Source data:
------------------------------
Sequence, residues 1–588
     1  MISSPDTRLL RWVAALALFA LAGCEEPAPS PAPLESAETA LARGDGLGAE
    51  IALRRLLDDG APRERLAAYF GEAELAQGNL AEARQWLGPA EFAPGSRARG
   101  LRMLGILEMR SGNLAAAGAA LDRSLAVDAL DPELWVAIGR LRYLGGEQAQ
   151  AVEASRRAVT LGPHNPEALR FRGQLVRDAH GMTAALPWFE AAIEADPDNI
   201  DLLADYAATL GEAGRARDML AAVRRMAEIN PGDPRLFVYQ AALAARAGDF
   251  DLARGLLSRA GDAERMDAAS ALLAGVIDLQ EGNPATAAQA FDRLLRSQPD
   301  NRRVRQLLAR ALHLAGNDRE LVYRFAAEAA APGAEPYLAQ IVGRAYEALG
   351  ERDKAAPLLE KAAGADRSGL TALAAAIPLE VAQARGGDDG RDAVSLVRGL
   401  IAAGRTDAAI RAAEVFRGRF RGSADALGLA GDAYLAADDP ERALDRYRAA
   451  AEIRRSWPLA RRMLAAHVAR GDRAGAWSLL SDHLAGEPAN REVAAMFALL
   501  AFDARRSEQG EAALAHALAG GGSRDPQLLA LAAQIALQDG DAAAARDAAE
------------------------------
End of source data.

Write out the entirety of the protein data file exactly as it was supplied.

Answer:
Sequence, residues 1–588
     1  MISSPDTRLL RWVAALALFA LAGCEEPAPS PAPLESAETA LARGDGLGAE
    51  IALRRLLDDG APRERLAAYF GEAELAQGNL AEARQWLGPA EFAPGSRARG
   101  LRMLGILEMR SGNLAAAGAA LDRSLAVDAL DPELWVAIGR LRYLGGEQAQ
   151  AVEASRRAVT LGPHNPEALR FRGQLVRDAH GMTAALPWFE AAIEADPDNI
   201  DLLADYAATL GEAGRARDML AAVRRMAEIN PGDPRLFVYQ AALAARAGDF
   251  DLARGLLSRA GDAERMDAAS ALLAGVIDLQ EGNPATAAQA FDRLLRSQPD
   301  NRRVRQLLAR ALHLAGNDRE LVYRFAAEAA APGAEPYLAQ IVGRAYEALG
   351  ERDKAAPLLE KAAGADRSGL TALAAAIPLE VAQARGGDDG RDAVSLVRGL
   401  IAAGRTDAAI RAAEVFRGRF RGSADALGLA GDAYLAADDP ERALDRYRAA
   451  AEIRRSWPLA RRMLAAHVAR GDRAGAWSLL SDHLAGEPAN REVAAMFALL
   501  AFDARRSEQG EAALAHALAG GGSRDPQLLA LAAQIALQDG DAAAARDAAE